Brussels / 2 & 3 February 2019


Interview with Jonathan Looney
Netflix and FreeBSD. Using Open Source to Deliver Streaming Video

Photo of Jonathan Looney

Jonathan Looney will give a talk about Netflix and FreeBSD. Using Open Source to Deliver Streaming Video at FOSDEM 2019.

Q: Could you briefly introduce yourself?

My name is Jonathan Looney. I’m a FreeBSD developer. I also manage an engineering team at Netflix. My team develops and maintains the operating system Netflix uses to run the content caches in its content delivery network (CDN), called Open Connect.

I’ve been tinkering with computers for years, since I got my first desktop computer. (To date myself slightly, my first computer had a whole 1MB of memory, which was a big deal back then.)

Q: What will your talk be about, exactly? Why this topic?

I’m going to talk about the way that Netflix uses open source to deliver streaming video. Netflix is very open to using open-source code. Additionally, Netflix has a great attitude about it, fully embracing the collaborative nature of open-source projects. So, we don’t just use open source projects, but also try to contribute back our enhancements.

I think it is great for the open source community to celebrate when there are successful partnerships which benefit the user community. I also think other organizations could potentially benefit from learning about how we interact with the open source community and the benefits (and challenges) of our collaboration model.

Q: When did Netflix start using FreeBSD? And what were the biggest factors in the decision to choose FreeBSD over other operating systems?

We started using FreeBSD when we first created our own content delivery network (CDN) called Open Connect. The biggest factor at the time was licensing restrictions. At this point, we are very happy with the performance we’ve been able to achieve with FreeBSD.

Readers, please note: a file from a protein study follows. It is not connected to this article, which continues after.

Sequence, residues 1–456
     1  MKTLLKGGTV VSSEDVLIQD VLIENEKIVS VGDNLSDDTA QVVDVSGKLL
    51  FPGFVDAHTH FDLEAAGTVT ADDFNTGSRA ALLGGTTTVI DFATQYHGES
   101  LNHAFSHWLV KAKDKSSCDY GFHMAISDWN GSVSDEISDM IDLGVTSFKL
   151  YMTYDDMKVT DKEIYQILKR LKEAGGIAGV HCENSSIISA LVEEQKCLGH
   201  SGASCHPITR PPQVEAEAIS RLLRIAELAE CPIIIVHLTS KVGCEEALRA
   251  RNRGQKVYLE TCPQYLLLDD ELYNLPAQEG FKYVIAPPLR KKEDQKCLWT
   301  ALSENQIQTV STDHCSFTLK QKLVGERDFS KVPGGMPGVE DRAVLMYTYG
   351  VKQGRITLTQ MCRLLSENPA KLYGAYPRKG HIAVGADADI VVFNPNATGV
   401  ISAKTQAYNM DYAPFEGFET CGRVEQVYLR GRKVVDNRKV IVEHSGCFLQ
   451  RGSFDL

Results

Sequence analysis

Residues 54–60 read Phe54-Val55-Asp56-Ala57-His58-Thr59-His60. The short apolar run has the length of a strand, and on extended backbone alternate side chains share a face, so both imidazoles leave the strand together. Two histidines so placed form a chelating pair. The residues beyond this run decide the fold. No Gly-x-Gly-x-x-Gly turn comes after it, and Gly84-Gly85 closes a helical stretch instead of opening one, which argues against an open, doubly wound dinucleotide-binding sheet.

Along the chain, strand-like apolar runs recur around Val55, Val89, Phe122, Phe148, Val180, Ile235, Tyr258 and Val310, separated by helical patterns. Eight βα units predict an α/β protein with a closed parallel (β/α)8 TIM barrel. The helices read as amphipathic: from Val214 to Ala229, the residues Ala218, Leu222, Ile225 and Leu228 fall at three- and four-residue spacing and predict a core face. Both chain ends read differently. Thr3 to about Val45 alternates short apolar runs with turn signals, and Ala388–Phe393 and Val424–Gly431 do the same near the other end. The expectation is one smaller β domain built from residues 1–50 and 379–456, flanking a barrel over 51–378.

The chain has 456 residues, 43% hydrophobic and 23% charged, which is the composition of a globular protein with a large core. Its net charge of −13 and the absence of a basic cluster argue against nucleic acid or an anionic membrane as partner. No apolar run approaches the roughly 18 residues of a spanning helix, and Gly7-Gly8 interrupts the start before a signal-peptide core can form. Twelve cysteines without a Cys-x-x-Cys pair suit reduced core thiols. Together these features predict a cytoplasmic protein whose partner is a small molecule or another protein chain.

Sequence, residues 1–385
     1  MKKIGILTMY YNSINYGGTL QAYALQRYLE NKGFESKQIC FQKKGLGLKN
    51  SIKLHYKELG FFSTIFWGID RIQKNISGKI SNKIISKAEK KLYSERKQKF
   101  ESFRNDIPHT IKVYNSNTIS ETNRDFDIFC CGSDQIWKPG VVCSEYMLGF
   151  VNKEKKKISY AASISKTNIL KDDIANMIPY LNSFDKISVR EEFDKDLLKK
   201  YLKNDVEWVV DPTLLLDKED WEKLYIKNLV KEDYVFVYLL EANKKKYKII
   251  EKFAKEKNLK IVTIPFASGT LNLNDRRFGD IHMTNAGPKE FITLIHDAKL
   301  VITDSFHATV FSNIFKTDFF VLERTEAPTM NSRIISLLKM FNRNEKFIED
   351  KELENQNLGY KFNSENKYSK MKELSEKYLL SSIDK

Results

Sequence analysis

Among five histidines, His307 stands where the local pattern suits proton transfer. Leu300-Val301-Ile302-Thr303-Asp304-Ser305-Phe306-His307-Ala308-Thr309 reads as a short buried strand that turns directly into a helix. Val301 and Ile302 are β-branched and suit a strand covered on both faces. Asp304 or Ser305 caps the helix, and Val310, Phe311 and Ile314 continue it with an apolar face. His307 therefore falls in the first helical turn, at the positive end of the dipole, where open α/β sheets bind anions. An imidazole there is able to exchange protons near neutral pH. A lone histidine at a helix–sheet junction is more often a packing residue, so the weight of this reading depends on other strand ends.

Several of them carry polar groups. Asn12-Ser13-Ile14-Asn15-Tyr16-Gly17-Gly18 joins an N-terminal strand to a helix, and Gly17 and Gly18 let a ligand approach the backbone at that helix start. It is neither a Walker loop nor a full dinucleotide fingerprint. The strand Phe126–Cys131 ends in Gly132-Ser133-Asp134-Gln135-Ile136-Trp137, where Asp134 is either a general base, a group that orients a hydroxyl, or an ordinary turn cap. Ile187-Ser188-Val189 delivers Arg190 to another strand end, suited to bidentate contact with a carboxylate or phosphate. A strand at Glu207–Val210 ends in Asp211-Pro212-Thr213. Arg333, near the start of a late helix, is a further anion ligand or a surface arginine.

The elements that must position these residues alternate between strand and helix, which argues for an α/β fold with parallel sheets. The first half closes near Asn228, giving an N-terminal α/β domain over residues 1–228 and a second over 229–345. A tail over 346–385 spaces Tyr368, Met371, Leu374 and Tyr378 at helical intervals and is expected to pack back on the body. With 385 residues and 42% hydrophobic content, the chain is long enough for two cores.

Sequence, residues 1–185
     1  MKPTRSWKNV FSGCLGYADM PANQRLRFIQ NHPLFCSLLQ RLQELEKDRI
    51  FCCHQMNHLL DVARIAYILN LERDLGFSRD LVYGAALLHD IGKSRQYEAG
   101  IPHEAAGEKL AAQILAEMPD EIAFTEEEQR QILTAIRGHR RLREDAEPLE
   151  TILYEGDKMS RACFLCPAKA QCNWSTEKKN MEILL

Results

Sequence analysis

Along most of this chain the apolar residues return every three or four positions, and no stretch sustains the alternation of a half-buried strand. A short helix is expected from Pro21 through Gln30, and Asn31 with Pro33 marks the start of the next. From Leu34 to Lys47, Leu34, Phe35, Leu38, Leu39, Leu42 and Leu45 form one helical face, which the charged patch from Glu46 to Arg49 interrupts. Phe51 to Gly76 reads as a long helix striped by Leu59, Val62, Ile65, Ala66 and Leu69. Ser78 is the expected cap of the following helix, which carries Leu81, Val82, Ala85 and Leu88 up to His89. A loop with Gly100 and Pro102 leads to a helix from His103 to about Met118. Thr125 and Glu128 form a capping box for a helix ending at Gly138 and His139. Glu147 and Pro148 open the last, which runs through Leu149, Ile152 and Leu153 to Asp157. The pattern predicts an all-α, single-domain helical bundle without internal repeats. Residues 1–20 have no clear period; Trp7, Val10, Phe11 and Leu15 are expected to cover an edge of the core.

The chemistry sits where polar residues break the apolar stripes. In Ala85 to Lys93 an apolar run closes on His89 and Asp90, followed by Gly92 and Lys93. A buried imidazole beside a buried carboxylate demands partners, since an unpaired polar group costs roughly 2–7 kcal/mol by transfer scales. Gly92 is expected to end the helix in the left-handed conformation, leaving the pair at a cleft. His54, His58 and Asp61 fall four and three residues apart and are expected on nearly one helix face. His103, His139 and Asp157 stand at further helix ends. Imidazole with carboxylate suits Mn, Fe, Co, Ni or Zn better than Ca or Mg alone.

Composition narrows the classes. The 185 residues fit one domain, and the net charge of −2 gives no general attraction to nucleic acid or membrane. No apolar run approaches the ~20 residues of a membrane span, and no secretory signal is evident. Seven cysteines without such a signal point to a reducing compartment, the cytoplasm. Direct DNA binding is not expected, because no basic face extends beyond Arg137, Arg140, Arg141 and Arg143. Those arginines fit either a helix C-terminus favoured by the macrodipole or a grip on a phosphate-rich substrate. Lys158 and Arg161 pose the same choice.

Q: What’s the rationale behind using the FreeBSD development branch code for the Netflix Open Connect Appliances? Why not use the stable branch?

That’s a great question, which I’ll address this in more detail during my talk. In summary, it lets us be forward looking and focused on innovation, rather than backwards looking and primarily focused on maintaining existing functionality.

Q: Which safeguards do you have in place to produce a robust operating system based on “development code”?

That’s another great question, which I also plan to address in more detail during my talk. But, suffice to say that we do need to be concerned about inheriting regressions from our upstream code. We have multiple levels of testing to try to catch regressions as early as possible.

On the other hand, we would have similar concerns if we were tracking “stable” code and would need to do similar testing. On the whole, we think the risks and the overall cost of testing are the same or less with tracking the “development” branch as tracking a “stable” branch.

Q: Could you give some examples of bugs that Netflix found in the FreeBSD development branch and the impact this quick validation of the code had on the upstream FreeBSD project?

We’ve found a number of bugs, both big and small. Some examples that quickly come to mind are: a memory leak in TCP; a TCP retransmission regression; a kernel panic due to a race condition in the console code; and, a bug in the x86 page mapping code which impacted super pages.

In some of these cases, we’ve found the problems quickly enough that we were able to work with the upstream community to fix the bugs quickly enough that only a small number of users were impacted. In many cases, the FreeBSD community is at least able to fix them well before the code reaches an official FreeBSD release.

Q: Are you looking forward to your first FOSDEM?

Yes! I’ve heard great things about this conference. I’m looking forward to experiencing it for myself.

Creative Commons License
Creative Commons License

This interview is licensed under a Creative Commons Attribution 2.0 Belgium License.